- S. mediterranea :
whole-mount in situ hybridization
fluorescent in situ hybridization
double fluorescent in situ hybridization
mRNA deep sequencing
counts per million reads
Wellik DM. Hox genes and vertebrate axial pattern. Curr Top Dev Biol. 2009;88:257–78.
Foronda D, de Navas LF, Garaulet DL, Sanchez-Herrero E. Function and specificity of Hox genes. Int J Dev Biol. 2009;53(8–10):1404–19.
Olson PD. Hox genes and the parasitic flatworms: new opportunities, challenges and lessons from the free-living. Parasitol Int. 2008;57(1):8–17.
Monteiro AS, Ferrier DE. Hox genes are not always colinear. Int J Biol Sci. 2006;2(3):95–103.
Morgan R. Hox genes: a continuation of embryonic patterning? Trends Genet. 2006;22(2):67–9.
Holland PW. Evolution of homeobox genes. Wiley Interdiscip Rev Dev Biol. 2013;2(1):31–45.
Postlethwait JH, Schneiderman HA. A clonal analysis of determination in Antennapedia a homoeotic mutant of Drosophila melanogaster. Proc Natl Acad Sci USA. 1969;64(1):176–83.
Durston AJ, Jansen HJ, der Rieden PI, Hooiveld MH. Hox collinearity—a new perspective. Int J Dev Biol. 2011;55(10–12):899–908.
Lewis EB. A gene complex controlling segmentation in Drosophila. Nature. 1978;276(5688):565–70.
Duboule D. The rise and fall of Hox gene clusters. Development. 2007;134(14):2549–60.
Albertin CB, Simakov O, Mitros T, Wang ZY, Pungor JR, Edsinger-Gonzales E, Brenner S, Ragsdale CW, Rokhsar DS. The octopus genome and the evolution of cephalopod neural and morphological novelties. Nature. 2015;524(7564):220–4.
Mallo M, Wellik DM, Deschamps J. Hox genes and regional patterning of the vertebrate body plan. Dev Biol. 2010;344(1):7–15.
Hughes CL, Kaufman TC. Hox genes and the evolution of the arthropod body plan. Evol Dev. 2002;4(6):459–99.
de Rosa R, Grenier JK, Andreeva T, Cook CE, Adoutte A, Akam M, Carroll SB, Balavoine G. Hox genes in brachiopods and priapulids and protostome evolution. Nature. 1999;399(6738):772–6.
De Robertis EM. Evo-devo: variations on ancestral themes. Cell. 2008;132(2):185–95.
Berriman M, Haas BJ, LoVerde PT, Wilson RA, Dillon GP, Cerqueira GC, Mashiyama ST, Al-Lazikani B, Andrade LF, Ashton PD, et al. The genome of the blood fluke Schistosoma mansoni. Nature. 2009;460(7253):352–8.
Zheng H, Zhang W, Zhang L, Zhang Z, Li J, Lu G, Zhu Y, Wang Y, Huang Y, Liu J, et al. The genome of the hydatid tapeworm Echinococcus granulosus. Nat Genet. 2013;45(10):1168–75.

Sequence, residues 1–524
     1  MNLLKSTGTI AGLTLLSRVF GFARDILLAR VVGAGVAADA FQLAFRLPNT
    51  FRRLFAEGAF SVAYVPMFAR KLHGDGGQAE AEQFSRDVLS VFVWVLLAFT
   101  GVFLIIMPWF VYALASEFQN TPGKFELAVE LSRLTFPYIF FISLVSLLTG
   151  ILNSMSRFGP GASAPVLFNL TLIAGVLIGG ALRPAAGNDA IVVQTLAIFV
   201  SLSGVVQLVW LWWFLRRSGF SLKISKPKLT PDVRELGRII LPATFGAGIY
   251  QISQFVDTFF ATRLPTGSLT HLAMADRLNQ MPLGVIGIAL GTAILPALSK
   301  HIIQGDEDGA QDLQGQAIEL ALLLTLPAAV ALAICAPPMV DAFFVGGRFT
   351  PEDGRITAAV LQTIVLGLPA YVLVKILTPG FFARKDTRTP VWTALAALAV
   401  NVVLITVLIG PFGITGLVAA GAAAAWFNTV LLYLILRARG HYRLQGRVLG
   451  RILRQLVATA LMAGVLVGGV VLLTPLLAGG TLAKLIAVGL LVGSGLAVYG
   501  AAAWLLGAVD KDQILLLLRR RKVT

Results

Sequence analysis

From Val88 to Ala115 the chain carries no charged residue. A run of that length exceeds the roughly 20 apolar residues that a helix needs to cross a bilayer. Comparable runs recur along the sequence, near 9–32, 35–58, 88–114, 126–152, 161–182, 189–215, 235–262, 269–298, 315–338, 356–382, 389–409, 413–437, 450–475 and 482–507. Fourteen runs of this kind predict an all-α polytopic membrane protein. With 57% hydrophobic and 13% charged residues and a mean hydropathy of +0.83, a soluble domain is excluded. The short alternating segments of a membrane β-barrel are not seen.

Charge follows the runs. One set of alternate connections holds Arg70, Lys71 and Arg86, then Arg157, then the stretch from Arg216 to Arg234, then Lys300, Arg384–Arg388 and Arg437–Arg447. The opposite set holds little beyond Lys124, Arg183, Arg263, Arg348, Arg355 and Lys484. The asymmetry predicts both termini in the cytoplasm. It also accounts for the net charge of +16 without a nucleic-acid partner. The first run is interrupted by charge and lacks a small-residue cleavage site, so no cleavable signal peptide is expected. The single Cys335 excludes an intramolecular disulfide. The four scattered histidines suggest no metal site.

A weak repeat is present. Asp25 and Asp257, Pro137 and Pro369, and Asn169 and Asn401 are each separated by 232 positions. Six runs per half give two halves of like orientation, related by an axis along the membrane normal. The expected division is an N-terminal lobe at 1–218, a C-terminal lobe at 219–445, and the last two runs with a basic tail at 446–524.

Koziol U, Lalanne AI, Castillo E. Hox genes in the parasitic platyhelminthes Mesocestoides corti, Echinococcus multilocularis, and Schistosoma mansoni: evidence for a reduced Hox complement. Biochem Genet. 2009;47(1–2):100–16.
Aboobaker AA, Blaxter ML. Hox gene loss during dynamic evolution of the nematode cluster. Curr Biol. 2003;13(1):37–40.
Amores A, Force A, Yan YL, Joly L, Amemiya C, Fritz A, Ho RK, Langeland J, Prince V, Wang YL, et al. Zebrafish hox clusters and vertebrate genome evolution. Science. 1998;282(5394):1711–4.
Hoegg S, Meyer A. Hox clusters as models for vertebrate genome evolution. Trends Genet. 2005;21(8):421–4.
Barber BA, Rastegar M. Epigenetic control of Hox genes during neurogenesis, development, and disease. Ann Anat. 2010;192(5):261–74.
Di Bonito M, Glover JC, Studer M. Hox genes and region-specific sensorimotor circuit formation in the hindbrain and spinal cord. Dev Dyn. 2013;242(12):1348–68.
Ruiz-Trillo I, Riutort M, Littlewood DT, Herniou EA, Baguna J. Acoel flatworms: earliest extant bilaterian metazoans, not members of Platyhelminthes. Science. 1999;283(5409):1919–23.
Morgan TH. Regeneration in planarians. Archiv Entwick Mech. 1900;10:58–119.
Pearson BJ, Alvarado AS. A planarian p53 homolog regulates proliferation and self-renewal in adult stem cell lineages. Development. 2010;137(2):213–21.
Gurley KA, Rink JC, Alvarado AS. Beta-catenin defines head versus tail identity during planarian regeneration and homeostasis. Science. 2008;319(5861):323–7.
Hyman LH. The invertebrates vol 2: platyhelminthes and rhynchocoela the acoelomate bilateria. [S.l.]. New York: McGraw-Hill; 1951.
Newmark PA, Alvarado AS. Not your father’s planarian: a classic model enters the era of functional genomics. Nat Rev Genet. 2002;3(3):210–9.
Hejnol A, Martindale MQ. Acoel development indicates the independent evolution of the bilaterian mouth and anus. Nature. 2008;456(7220):382–6.